The smell of politics is in the air. Readers of The Telegraph were recently treated to a spirited debate about a bill winding its way through the state Legislature this year called the Religious Freedom Restoration Act (RFRA.)
The bill, which is almost certain to be passed and signed into law, would explicitly guarantee citizens of Georgia protection from laws that violate their right to practice their religion absent a “compelling governmental interest” that justifies said law’s enforcement. Macon District Attorney K. David Cooke Jr. opened the debate with a column in which he argued the law would open a loophole for people to defend criminal behavior such as child abuse using religion as a shield. Soon after that editorial appeared, Macon’s own nationally known conservative firebrand Erick Erickson shot back with his own column defending the proposed law. He asserted that Cooke’s concerns were overblown and that similar laws have been passed by the federal government and in a number of states without a resulting flood of hard-to-prosecute child abuse cases.
I decided to look up the bill myself and draw my own conclusions, and I didn’t have to read too far into it before I saw the reasons for Cooke’s concerns. Here are a few of the highlights from the bill: “Laws neutral toward religion have the same potential to burden religious exercise as laws purposely intended to interfere with religious exercise.” “Governments should not substantially burden religious exercise without having a compelling justification.” “A person whose religious exercise has been burdened in violation of this chapter may assert that claim or defense in a judicial proceeding and obtain appropriate relief against government.”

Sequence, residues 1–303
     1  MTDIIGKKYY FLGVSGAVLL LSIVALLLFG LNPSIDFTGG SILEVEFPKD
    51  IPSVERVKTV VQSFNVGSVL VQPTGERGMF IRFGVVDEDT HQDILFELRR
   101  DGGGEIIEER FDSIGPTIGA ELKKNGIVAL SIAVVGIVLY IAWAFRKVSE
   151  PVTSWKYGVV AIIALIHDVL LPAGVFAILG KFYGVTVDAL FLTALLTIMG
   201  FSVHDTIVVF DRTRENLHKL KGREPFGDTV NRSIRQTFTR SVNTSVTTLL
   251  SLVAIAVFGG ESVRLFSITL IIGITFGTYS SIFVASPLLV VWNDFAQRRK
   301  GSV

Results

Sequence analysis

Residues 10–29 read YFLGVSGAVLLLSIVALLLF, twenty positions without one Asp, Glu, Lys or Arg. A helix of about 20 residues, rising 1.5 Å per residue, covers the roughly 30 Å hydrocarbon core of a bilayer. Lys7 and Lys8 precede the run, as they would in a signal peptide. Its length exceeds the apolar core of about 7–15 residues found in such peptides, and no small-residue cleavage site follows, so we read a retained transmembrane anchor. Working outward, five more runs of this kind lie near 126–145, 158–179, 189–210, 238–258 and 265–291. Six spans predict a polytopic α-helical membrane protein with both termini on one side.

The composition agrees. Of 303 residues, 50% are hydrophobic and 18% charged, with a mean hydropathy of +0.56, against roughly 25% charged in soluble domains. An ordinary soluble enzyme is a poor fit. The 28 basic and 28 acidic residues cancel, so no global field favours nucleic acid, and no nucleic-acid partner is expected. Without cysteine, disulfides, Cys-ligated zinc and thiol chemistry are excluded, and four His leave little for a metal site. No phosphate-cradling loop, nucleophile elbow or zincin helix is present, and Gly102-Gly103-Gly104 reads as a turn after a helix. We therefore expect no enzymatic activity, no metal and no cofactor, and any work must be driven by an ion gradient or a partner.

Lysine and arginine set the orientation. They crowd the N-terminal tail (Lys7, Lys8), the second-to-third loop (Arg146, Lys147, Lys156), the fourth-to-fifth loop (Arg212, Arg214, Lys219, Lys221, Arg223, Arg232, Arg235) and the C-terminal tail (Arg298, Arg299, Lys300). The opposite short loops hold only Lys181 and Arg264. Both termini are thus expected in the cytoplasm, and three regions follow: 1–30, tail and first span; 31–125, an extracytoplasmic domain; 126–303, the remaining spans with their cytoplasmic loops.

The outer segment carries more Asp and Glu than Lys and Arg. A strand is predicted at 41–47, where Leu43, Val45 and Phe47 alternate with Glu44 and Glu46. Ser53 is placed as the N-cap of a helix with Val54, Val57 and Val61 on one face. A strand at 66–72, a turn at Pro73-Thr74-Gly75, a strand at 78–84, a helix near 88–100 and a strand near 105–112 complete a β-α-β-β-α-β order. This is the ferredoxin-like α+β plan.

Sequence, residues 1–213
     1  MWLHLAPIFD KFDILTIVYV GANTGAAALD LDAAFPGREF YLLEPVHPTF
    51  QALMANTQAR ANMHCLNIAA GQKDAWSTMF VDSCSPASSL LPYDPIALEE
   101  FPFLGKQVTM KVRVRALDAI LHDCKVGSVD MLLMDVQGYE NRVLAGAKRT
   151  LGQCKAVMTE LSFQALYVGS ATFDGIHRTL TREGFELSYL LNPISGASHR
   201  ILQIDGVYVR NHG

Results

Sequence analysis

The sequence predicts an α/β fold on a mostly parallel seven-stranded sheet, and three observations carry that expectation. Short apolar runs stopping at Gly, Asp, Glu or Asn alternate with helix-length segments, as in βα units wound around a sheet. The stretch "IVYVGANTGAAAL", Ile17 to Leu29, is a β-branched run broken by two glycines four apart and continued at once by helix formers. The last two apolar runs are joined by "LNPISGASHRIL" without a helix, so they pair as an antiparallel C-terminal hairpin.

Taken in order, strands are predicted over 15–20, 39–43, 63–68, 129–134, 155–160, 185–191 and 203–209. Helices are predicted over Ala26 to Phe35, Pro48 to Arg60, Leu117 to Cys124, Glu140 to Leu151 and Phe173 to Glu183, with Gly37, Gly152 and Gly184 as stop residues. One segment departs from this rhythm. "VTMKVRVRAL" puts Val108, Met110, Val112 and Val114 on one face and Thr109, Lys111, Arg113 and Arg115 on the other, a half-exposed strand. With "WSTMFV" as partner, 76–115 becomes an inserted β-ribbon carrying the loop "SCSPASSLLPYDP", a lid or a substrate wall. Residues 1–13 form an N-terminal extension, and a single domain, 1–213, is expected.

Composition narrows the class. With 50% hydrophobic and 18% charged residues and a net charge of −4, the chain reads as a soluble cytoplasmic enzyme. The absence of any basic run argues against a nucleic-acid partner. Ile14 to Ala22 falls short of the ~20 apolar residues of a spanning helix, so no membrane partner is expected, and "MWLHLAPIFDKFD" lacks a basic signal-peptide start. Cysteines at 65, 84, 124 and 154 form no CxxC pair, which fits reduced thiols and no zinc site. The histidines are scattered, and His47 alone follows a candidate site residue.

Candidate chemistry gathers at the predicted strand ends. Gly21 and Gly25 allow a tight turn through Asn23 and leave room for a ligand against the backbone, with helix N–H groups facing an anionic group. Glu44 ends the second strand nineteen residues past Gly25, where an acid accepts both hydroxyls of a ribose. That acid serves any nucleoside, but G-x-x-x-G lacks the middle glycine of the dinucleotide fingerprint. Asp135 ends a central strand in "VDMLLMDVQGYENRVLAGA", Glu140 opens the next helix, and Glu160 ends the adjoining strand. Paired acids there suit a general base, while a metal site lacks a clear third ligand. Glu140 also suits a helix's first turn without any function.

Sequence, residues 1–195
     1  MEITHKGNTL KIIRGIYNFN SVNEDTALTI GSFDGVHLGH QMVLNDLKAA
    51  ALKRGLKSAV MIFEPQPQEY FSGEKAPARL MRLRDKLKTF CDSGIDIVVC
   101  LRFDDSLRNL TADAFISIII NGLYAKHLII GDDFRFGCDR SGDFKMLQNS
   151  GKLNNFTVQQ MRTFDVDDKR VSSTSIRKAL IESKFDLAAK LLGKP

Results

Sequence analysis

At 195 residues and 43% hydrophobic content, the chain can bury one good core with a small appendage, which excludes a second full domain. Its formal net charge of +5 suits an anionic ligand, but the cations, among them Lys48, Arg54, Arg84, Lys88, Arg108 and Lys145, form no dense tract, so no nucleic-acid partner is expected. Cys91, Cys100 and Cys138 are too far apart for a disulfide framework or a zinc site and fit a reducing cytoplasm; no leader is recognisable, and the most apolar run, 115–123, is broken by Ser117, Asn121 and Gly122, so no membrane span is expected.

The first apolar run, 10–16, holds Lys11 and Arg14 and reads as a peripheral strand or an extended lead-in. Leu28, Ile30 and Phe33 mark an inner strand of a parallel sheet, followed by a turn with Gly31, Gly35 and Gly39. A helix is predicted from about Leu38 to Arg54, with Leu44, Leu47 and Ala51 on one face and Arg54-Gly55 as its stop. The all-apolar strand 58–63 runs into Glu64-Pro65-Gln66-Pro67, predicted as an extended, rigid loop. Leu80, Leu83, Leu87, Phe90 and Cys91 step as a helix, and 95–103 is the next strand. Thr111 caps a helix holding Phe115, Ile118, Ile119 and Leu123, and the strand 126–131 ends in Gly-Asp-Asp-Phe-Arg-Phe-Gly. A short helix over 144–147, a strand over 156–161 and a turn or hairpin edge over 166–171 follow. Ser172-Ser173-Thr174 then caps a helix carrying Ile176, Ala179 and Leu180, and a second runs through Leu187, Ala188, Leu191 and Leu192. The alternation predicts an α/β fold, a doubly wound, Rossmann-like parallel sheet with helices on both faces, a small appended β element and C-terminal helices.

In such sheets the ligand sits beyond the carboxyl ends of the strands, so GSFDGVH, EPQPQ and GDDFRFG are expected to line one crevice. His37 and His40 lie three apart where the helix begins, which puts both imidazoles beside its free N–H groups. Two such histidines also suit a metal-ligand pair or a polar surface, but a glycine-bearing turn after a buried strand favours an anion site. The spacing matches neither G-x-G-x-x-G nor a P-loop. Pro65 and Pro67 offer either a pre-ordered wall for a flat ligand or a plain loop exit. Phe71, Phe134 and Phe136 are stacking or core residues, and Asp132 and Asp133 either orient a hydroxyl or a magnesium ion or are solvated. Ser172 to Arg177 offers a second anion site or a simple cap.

It seems to me this bill could open up a hole in the law that people will try to drive a Mack truck through. It is basically stating that anyone may legally challenge any law whatsoever (even those that have nothing to do with religion specifically) if they can come up with an argument that the law interferes with the practice of their religion. And when they do mount such a challenge, it would be up to the state to defend the law and prove they have a “compelling justification” for enforcing said law.
Never miss a local story.
It’s a completely subjective standard and it’s hard to believe that it won’t result in expensive, frivolous legal actions from people trying to wriggle out of the consequences for breaking the law by creatively arguing the laws they broke violated their religious freedom. This bill sounds more like a campaign speech than something that should be made into a law, and it seems to betray an uncertainty within our state Legislature that they can make laws that don’t oppress people unnecessarily.
The government flat out shouldn’t pass laws that violate people’s religious beliefs in the first place unless it has a compelling interest to do so. But that is a standard they should uphold whenever they make laws. It’s not something they should lard up the legal process with after the fact.
But politics these days is mostly an exercise in public relations. Legislators spend most of their time working on their image and playing to their base. That’s why nonsense like the RFRA even gets considered. But don’t worry, your state Legislature doesn’t spend all of its time on fluff like this. They are also busy tackling serious red meat issues, such as finding the billions of dollars in new revenue needed to fix our crumbling roads and bridges.
The Republican-dominated Legislature has creatively hatched a plot to generate that needed revenue without violating their no-new-taxes pledge. They plan to finance road improvements by changing the law so that the state will collect all the money generated by gasoline taxes (revenue that is currently shared between state and local government agencies) thus shifting the burden of raising taxes from the state to local governments. To steal a line from Erickson -- “Go out to your nearest pasture, find the nearest bull, and smell the steaming pile beside him.” That smell is what politics in both Washington D.C. and Atlanta, produces these days.
Bill Ferguson is a resident of Warner Robins. Readers can write him at email@example.com.